For a woman who's made her name in spoken word there was a lack of on stage banter and the set was pretty short. THIS IS A GOOD THING. God damn i hate almost anyone that thinks i should listen to them for more than twenty minutes (generally it's ten) unless it's Godflesh before 1992 (in my all time top five shows ever), Hijokaidan (ditto), Bastard Noise or the upcoming Autopsy one off i promised myself i'd go to despite swearing off MDF after playing there earlier this year.
Oh yeah, and unlike Throbbing Gristle in Chicago back in May there was a welcome lack of middle aged bank managers desperate to prove to the world how much more of a transcendental experience than anyone else they were having. Fuck, i wish i'd secretly filmed some of those wankers, eyes glazed over in rapt nostalgia which is essentially the lowest form of emotional connection, as sarcasm is to wit and Christianity is to Divinity.
Basically it was still relevant (and didn't need a Burning Man overhaul a la TG), unpretenious and far heavier than any number of riffless amplifier bands the youth seem to dig these days. Just a great performance.
Satanic Skinheads? That was a weird fucking proposition, sometimes easy to forget how out there that was at the time.
And of course they're inadvertantly responsible for so much dreadful music masquerading as 'True Black Metal'. A simple scan of the sub-sub genre they're responsible for reveals that little is needed to fool a lot of people.
But really all underground cultures suffer this contraction of thought being sold back to people as either pushing the envelope or guarding the tradition. And like i said, most of it (in any underground culture) is largely dishonest and an inversion of the actual principles that they profess to embody.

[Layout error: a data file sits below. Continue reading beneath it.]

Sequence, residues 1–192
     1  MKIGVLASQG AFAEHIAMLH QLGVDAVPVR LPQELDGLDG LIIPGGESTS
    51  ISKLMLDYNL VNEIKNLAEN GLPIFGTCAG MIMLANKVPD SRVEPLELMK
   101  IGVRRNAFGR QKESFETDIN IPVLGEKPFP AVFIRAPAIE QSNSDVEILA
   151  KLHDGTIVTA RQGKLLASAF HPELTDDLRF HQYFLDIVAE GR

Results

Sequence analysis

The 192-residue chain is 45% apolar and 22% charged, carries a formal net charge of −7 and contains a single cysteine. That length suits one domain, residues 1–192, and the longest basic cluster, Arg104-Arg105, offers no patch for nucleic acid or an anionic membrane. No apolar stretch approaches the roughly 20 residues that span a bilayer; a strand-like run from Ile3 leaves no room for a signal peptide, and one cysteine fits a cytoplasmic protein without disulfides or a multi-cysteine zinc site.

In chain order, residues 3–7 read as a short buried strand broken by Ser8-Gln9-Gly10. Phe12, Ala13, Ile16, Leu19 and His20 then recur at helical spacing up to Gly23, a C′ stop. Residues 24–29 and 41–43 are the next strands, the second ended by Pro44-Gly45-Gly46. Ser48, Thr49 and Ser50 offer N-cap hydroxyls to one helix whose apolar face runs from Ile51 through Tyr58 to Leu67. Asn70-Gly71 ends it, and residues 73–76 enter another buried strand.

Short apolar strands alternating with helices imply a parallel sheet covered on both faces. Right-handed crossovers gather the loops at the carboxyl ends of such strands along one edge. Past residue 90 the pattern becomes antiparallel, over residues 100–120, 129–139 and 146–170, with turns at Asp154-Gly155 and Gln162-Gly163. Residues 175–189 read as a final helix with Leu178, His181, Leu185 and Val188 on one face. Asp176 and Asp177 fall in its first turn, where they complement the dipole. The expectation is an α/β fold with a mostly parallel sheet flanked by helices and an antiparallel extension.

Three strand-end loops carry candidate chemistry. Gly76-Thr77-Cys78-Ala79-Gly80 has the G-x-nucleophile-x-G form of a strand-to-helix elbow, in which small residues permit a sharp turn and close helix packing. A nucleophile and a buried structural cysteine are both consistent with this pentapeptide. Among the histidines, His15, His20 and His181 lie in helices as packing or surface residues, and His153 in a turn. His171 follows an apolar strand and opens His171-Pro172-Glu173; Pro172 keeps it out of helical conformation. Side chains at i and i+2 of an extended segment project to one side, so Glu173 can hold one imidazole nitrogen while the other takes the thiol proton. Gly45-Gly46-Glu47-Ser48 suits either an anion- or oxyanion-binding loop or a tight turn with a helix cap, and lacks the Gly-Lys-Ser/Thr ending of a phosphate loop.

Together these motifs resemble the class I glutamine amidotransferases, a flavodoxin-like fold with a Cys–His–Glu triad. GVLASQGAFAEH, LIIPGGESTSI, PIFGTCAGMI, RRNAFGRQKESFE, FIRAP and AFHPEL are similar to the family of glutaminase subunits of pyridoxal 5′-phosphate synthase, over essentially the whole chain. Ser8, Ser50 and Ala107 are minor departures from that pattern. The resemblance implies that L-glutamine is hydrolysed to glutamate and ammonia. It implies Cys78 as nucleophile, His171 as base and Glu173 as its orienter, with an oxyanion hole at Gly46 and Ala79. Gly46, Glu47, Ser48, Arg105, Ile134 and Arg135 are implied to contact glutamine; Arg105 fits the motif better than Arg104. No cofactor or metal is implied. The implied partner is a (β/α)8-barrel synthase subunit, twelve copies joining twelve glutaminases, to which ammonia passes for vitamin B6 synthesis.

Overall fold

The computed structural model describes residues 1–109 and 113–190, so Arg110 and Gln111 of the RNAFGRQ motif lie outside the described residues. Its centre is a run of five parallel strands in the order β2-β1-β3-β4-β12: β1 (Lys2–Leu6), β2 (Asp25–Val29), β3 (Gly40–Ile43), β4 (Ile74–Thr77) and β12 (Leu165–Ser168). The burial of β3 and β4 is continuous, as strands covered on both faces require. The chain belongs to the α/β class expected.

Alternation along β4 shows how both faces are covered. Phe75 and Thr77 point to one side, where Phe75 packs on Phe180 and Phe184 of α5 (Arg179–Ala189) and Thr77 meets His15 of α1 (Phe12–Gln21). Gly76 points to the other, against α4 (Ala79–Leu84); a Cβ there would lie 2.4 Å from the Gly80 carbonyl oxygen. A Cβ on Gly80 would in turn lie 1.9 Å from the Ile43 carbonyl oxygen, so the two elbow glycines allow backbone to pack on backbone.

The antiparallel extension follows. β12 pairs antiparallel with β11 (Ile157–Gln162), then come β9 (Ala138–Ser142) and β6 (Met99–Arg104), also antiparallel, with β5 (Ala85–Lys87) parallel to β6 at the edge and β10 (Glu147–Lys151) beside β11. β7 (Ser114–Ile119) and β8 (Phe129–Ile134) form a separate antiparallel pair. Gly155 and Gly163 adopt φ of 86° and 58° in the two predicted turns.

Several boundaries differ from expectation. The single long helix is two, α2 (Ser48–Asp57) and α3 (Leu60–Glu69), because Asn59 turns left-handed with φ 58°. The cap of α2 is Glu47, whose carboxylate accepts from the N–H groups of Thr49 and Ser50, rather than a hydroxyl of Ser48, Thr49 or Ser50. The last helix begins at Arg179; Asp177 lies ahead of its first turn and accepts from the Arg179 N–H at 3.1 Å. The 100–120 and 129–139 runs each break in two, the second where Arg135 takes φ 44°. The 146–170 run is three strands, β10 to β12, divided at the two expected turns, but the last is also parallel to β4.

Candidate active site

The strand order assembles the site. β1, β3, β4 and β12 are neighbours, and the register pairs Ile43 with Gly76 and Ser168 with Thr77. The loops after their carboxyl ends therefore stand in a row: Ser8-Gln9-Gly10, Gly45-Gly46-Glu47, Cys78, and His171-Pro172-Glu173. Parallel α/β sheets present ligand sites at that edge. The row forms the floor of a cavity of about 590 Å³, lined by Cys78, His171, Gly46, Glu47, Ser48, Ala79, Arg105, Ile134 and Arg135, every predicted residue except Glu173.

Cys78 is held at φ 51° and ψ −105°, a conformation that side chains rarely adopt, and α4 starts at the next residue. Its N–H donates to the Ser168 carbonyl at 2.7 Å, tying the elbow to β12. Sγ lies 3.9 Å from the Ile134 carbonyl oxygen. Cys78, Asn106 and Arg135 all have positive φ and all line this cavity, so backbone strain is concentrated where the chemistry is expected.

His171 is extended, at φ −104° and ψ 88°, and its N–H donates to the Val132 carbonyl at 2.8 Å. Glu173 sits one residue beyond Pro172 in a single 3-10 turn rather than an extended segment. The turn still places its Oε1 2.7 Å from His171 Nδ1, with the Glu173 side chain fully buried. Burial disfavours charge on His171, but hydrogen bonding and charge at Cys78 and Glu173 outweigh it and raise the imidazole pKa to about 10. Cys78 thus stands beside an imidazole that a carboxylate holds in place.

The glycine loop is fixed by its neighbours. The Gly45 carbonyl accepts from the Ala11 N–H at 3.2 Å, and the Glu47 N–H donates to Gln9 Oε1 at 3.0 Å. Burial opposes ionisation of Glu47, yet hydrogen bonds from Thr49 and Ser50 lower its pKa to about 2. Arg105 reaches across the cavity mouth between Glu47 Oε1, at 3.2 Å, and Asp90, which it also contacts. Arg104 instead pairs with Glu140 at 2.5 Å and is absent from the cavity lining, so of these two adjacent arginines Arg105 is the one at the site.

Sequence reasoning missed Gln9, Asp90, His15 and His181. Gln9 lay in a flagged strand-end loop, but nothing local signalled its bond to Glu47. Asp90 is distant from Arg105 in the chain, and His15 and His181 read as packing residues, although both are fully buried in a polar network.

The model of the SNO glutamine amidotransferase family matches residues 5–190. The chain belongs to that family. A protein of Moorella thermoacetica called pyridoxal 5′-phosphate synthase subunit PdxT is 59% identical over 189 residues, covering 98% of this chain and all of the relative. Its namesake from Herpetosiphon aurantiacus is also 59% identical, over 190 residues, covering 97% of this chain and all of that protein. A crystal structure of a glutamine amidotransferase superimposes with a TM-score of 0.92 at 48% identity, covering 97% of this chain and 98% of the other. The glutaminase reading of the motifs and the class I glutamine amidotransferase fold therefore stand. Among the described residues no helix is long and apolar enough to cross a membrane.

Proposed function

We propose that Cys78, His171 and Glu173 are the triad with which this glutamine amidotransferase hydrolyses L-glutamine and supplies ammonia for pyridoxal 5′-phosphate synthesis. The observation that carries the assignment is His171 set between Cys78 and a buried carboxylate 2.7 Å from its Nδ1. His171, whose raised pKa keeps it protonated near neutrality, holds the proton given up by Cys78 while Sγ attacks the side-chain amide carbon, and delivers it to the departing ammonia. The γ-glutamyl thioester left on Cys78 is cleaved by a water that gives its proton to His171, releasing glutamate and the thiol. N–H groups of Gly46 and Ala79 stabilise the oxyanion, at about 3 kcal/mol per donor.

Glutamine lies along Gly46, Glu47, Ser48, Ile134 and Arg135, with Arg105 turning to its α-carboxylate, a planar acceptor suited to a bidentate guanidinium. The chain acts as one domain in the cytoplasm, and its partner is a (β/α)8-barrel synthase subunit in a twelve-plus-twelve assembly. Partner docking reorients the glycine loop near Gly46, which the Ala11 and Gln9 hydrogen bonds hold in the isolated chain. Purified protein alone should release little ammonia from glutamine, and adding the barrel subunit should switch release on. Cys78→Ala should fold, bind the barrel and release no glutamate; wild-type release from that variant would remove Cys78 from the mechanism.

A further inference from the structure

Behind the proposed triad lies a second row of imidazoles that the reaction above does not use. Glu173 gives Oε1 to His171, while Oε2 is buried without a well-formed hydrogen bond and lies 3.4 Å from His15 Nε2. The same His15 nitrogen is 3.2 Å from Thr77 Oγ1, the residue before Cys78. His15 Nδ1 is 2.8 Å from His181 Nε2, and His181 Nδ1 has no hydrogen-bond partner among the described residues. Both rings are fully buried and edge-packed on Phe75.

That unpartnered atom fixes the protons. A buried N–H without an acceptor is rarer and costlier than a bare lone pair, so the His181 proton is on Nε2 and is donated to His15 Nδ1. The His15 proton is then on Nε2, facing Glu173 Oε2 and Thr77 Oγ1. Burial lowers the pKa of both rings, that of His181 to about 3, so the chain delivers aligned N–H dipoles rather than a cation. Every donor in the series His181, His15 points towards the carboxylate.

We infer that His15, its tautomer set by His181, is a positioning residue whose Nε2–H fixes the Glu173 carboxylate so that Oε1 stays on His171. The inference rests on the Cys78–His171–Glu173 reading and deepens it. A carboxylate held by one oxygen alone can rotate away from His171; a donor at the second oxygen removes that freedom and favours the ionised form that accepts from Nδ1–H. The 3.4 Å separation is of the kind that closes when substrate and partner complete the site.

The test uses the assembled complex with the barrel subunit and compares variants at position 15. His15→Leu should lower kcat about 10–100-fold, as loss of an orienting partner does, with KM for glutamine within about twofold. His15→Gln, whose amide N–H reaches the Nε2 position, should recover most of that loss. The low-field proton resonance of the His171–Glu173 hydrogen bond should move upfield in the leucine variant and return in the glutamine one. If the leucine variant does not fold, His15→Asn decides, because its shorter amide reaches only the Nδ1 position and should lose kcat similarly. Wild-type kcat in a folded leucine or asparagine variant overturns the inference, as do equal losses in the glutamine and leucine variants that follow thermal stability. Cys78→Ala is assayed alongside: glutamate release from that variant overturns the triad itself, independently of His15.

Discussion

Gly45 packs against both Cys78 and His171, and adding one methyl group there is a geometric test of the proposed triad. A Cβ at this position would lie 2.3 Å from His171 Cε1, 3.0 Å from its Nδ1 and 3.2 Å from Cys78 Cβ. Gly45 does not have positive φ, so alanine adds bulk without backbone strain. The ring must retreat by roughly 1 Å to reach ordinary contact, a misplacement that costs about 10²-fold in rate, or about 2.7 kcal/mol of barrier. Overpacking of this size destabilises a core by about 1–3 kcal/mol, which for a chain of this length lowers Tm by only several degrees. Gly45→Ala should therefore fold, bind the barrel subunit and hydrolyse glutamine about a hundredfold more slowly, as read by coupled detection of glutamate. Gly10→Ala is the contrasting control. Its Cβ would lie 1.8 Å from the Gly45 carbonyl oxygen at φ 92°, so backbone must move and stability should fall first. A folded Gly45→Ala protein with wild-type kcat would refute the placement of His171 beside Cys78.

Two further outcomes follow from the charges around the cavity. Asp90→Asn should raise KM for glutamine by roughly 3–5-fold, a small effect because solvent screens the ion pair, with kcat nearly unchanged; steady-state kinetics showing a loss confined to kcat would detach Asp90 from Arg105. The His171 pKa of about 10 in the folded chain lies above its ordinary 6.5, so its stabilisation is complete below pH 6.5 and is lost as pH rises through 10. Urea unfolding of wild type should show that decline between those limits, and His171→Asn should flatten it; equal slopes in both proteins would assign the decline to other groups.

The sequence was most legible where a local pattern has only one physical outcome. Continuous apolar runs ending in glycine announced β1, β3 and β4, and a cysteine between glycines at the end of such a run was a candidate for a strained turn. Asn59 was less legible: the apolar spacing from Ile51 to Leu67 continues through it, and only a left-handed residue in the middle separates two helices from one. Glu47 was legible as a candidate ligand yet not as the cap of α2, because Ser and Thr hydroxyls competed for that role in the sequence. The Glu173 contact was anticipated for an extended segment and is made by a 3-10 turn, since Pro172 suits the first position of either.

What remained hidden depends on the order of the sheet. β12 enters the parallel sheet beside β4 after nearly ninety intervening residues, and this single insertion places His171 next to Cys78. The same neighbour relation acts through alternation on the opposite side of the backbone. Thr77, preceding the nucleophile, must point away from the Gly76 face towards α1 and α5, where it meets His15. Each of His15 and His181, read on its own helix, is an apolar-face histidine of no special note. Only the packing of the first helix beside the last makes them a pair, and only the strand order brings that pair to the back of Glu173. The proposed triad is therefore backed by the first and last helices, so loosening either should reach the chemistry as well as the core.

In any case, the Blasphemy show. There were far less posers yelling about reality like some kind of Satanic Hip Hop all stars than i had anticipated. I think art witch Diamanda Galas performing the same night probably split that vote. Better being seen as cultured than intentionally cultureless if the occasion calls for an either/ or in some peoples mind i guess.
So Blasphemy, way too quiet to instantly endear me to them, but writing this on the train home two days later i'm struck with a lasting sense of how powerful a spectacle it was on a primal level.
Blasphemy were exactly what a gang (as in GANG) of 40 year old Christ hating coke dealers would look like; intimidating mother fuckers without even having to do anything 'intimidating'. In my line of work i meet a lot of people, a lot of them talk big, but in general the really mental ones don't need to do a damn thing; they just exude 'don't fuck with me' and are usually very friendly. But you know they could kill you in a heartbeat and wouldn't loose any sleep over it.
(this is a version of a larger piece that may one day eventually make it in to the print zine i've been threatening to do for a few months now)
The Rita - Skate/ Snorkel
Drowned - Aerth (these guys need to release more)
Black Sabbath - Peel Sessions
Cro Mags - Age of Quarrel
Kito - the Long Player
Psychogeography - Will Self
Cinema Purgatory 2 - Rick Tremble
Magic and the Qabalah - W E Butler